The foregoing point cannot be emphasized too strongly. It is not this Court's province or prerogative to try the pending state charges. We are called upon merely to ascertain whether those prosecutions are solely infringements of constitutionally guaranteed rights under the First Amendment or whether there is some evidence of conduct by the petitioners not so protected which would constitute probable cause for prosecution. Nothing said herein is intended to or does imply any opinion as to any issue other than that narrow question.

Generally, and taken most favorably from the point of view of probable cause for prosecution, the evidence is that on the morning of September 20, 1967, pursuant to a previously developed protest plan, a number of residents of the immediate Pulaski-Roosevelt community proceeded to erect a large canvas tent on the vacant lot located on the northeast corner of the intersection. Their purpose was to dramatize the sub-standard housing in the slum buildings in the area. It was planned that Mrs. Wells and her six small children would occupy the tent. To this end some cots, mattresses, and a few other pieces of furniture were brought to the lot in addition to the tent.

The project first came to the attention of the police when Sergeant Frank O'Connor, on routine squad car patrol, saw the tent in process of erection about 9:30 A.M. He notified his superiors and was told to stand by and await further orders. The Corporation Counsel's office was contacted and additional police were assigned to the scene. At approximately 10:40 A.M., Captain Ronald Nash, the Acting Commanding Officer of the District, after ascertaining that the demonstrators had failed to secure a building permit for the erection of the tent, advised them that they would have to dismantle it within one hour. When those erecting the tent continued to put it up, Captain Nash instructed Sergeant O'Connor to note the individuals disobeying his orders for possible future arrest.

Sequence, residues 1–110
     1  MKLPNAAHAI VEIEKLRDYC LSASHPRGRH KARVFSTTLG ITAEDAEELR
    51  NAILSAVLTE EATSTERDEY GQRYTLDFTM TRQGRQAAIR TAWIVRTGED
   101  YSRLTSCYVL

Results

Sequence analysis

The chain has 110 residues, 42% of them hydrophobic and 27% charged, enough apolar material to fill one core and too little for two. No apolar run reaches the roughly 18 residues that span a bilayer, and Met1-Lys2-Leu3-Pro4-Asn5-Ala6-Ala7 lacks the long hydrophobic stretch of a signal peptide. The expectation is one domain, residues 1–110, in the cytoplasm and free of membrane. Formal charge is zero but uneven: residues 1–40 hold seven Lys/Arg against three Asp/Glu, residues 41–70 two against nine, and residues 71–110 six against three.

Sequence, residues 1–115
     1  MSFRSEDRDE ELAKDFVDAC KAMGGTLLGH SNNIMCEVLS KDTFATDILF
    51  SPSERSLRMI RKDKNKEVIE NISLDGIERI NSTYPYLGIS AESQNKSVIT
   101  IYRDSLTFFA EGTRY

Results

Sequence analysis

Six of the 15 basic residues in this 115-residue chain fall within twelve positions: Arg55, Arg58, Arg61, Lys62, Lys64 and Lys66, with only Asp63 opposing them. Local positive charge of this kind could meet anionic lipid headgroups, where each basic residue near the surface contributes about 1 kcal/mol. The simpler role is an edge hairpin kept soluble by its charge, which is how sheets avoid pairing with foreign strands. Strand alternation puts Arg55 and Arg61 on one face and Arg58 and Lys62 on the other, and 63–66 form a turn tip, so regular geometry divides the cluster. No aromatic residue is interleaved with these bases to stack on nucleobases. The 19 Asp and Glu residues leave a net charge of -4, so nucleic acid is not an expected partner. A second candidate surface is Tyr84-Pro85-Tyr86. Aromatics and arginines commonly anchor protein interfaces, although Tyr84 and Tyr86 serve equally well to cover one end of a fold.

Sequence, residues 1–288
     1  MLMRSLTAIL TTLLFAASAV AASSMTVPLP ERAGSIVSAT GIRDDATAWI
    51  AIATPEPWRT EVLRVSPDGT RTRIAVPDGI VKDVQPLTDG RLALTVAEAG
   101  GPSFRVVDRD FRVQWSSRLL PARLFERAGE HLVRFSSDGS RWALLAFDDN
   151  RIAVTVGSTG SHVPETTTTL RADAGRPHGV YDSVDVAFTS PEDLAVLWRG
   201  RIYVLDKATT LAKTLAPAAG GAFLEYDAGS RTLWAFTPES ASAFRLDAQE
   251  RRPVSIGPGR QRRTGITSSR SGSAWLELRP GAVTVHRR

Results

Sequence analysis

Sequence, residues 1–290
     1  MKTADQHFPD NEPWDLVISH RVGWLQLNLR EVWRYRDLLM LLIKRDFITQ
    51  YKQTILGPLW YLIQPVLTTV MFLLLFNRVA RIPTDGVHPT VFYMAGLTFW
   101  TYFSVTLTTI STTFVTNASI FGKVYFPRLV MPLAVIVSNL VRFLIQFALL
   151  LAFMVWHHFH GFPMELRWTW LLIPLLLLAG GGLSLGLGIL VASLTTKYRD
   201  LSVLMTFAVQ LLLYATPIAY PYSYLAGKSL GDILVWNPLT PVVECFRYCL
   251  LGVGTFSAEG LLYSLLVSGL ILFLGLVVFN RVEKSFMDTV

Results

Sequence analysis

During this period, from 9:30 to 10:40 A.M., the number of people in the vicinity, some of whom were involved in the demonstration and others of whom were merely spectators, increased from 15 or 20 to 50 or 60. By 11:40 A.M., when Captain Nash's deadline expired, the crowd numbered between 150 and 175. A number of women and children were inside the tent which was open from the roof level down. Other demonstrators and spectators were on the lot and the sidewalks. In addition to Captain Nash and approximately 15 policemen, Assistant Corporation Counsel Richard Elrod was also present.